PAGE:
Metal Gear Solid V: The Phantom Pain Review

Platform: Xbox One, PS4, PC
Developer: Kojima Productions
Publisher: Konami
Rating: PEGI 18

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Gamers of a certain age will remember just how big Metal Gear Solid was when it hit the market so many years back: while the older entries in the series certainly had their fans, this title served as many gamers’ introduction to the world of Solid Snake. MGS became an instant classic, and is still viewed as one of the most important games for Sony’s original PlayStation – aside from perhaps ninja-sim Tenchu: Stealth Assassins, stealth was an underused mechanic,with most action games focused on balls-to-the-wall blasting.

90s-era gamers lapped up Solid Snake’s ability to creep in shadows, crawl through ventilation shafts, hide under cardboard boxes, and snap necks with enough panache to make James Bond sweat – so much so that multiple successful sequels & spin-offs have followed, across various consoles.

Now, series-creator Hideo Kojima brings us his final MGS adventure – does he go out on a high note, or miss the mark?

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Show the World who’s Boss

Metal Gear Solid V: The Phantom Pain takes protagonist Big Boss out of the more linear, contained environments the series is known for, and lets him loose in sprawling, gorgeous locations: players can enjoy unparalleled freedom as they scour the expansive landscapes of Afghanistan and Zaire, completing missions however they wish.

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Set in the 1980s, The Phantom Pain sees Big Boss in charge of a private military squad – The Diamond Dogs – and responsible for undertaking various missions behind enemy lines: recon, base-infiltration, rescue, and assassination contracts are all par for the course. This being an MGS game, the story is somewhat complex (though actually more sparse than in other instalments, where cut-scenes were too long and too many!), yet this is definitely the strongest narrative the series has offered so far: mixing historical events with Bond-esque super-villainy and sci-fi touches, this goes into some unexpected, taboo areas. We won’t spoil anything for you, but seeing Big Boss become the man fans of the series expect to see is compelling stuff.

Big Boss and his group operate out of Mother Base, an off-shore structure which expands as players progress. While killing guards has always been essential in previous games, there’s a real incentive here to keep them alive: by attaching a ‘fulton’ balloon to them, players can order enemies to be airlifted back to Mother Base – where they’ll undergo brainwashing to join your cause. As troops have their own skills, they can develop their abilities and build new equipment for Big Boss to use in the field. This is a great device, and eventually, you’ll be able to fulton weapons, vehicles, and more to aid you in your campaign.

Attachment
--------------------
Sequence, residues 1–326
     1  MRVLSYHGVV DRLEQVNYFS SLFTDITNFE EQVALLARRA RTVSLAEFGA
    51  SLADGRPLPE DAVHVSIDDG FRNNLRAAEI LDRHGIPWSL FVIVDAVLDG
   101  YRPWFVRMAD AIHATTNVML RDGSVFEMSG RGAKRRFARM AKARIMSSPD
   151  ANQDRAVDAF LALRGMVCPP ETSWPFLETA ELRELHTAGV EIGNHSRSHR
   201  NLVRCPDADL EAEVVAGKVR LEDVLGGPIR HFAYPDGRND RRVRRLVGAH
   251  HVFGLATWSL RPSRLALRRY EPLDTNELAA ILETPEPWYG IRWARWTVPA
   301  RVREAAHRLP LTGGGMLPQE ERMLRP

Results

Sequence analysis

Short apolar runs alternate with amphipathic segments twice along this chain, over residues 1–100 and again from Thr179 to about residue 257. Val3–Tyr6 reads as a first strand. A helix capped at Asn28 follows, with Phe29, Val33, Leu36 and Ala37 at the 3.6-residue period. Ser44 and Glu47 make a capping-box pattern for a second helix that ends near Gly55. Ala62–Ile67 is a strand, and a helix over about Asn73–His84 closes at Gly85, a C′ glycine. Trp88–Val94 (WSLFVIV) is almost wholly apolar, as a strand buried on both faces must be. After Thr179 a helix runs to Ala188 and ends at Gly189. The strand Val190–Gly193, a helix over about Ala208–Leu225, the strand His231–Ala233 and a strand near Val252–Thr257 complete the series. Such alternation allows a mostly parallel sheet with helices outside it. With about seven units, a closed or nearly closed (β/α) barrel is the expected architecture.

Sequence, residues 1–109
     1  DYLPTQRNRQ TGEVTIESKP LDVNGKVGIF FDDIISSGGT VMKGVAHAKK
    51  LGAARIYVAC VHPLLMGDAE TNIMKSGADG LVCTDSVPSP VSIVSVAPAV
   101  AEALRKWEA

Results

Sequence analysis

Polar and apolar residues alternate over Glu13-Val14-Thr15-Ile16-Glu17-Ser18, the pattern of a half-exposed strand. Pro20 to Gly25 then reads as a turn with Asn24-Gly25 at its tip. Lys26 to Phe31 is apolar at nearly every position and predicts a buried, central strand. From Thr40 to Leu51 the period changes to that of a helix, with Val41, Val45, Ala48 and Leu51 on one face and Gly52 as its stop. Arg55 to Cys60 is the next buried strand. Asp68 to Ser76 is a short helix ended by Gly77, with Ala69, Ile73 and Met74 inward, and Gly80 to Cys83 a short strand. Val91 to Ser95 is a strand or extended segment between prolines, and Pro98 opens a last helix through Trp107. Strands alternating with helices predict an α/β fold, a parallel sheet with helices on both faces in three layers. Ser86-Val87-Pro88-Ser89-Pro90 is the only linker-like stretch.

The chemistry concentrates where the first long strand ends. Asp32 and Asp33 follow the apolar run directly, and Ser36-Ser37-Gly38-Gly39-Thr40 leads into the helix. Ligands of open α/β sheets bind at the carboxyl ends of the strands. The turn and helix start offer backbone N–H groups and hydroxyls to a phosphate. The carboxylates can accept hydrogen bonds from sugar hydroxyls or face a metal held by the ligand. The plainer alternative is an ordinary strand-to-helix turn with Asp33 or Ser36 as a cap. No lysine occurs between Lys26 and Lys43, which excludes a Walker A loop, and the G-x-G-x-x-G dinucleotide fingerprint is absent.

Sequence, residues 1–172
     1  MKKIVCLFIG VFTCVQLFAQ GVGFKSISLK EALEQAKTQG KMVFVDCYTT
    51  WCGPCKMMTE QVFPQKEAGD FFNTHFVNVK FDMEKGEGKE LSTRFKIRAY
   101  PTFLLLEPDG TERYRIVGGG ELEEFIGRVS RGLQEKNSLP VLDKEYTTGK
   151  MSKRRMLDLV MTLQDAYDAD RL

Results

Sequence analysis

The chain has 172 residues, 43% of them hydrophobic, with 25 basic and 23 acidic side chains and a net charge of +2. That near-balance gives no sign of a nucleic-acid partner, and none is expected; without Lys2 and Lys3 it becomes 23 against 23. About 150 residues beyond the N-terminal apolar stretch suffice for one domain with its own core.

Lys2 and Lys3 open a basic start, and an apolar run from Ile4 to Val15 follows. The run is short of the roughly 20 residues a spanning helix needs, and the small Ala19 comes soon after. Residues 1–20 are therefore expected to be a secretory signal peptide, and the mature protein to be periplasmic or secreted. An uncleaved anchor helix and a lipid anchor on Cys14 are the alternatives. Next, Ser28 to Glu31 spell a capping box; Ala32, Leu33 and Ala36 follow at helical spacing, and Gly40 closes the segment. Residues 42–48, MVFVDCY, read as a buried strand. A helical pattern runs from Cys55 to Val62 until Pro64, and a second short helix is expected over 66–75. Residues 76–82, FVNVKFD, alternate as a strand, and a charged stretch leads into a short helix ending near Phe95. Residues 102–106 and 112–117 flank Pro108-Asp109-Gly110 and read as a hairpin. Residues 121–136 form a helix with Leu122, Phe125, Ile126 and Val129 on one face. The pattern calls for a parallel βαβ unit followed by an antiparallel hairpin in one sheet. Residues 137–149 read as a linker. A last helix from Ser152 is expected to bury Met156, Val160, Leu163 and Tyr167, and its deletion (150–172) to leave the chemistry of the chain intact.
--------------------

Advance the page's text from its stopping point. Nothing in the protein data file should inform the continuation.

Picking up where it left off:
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Mother Base gives Big Boss a safe zone to recuperate in between missions, but once players are ready to take on another operation, he’s choppered out to the next zone. Once you touchdown, you’re then free to complete most missions however you like: directions are typically vague enough to encourage experimentation & creative thinking. For example, when tasked with rescuing a prisoner, you can choose to sneak your way into a stronghold or go in all-guns blazing; vocal decoys can be used to distract guards, as can tossing bullet cartridges – there’s even a balloon version of Big Boss that fools nearby guards long enough for you to make your move. Mother Base, and your growing research team, offers hundreds of such items, weapons, and pieces of equipment – including a selection of cardboard boxes!

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Go Your Own Way

With environments being so huge, Big Boss needs a bit of help to get around. Sure, he can travel on foot, but why run when you can choose from horses, vehicles, and even a robotic walker to take the weight off? Traversing the richly-textured locations by horse is an amazing experience: wildlife behaves in strikingly realistic ways, and the day/night cycle makes impressive changes to tactical thinking. Weather effects – such as sandstorms – affect the way you play too, dampening vision-range and sounds. All of this helps to create a world which feels genuinely organic, as if it would carry on like this even if Big Boss were somewhere else.

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As well as the main story missions, players can take on many side-ops, and also send troops out on their own contracts to keep money flowing into Mother Base. Sidekicks can also be enlisted to help Big Boss, including Quiet (a bafflingly-under-dressed warrior who kicks ass and looks incredible at the same time) and a loyal dog. This buddy system adds a distinctive element to the game, and helps it to stand our from some other open-world titles in which controlling a lone wanderer can often become a little bit dull.

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Hideo Kojima’s public falling-out with Konami means this is likely to be the last MGS game he’s involved with – but, if this is the case, he leaves the series at its peak. The Phantom Pain offers players a fun, exciting, deep, rewarding, immersive, witty, narratively-brave, free-form experience they’re unlikely to forget – while we’re sure to see more MGS games in the future, this entry has set a very, very high bar.

What do you think of Metal Gear Solid V: The Phantom Pain? Is it the best MGS game yet, or were you hoping for more? Let us know!

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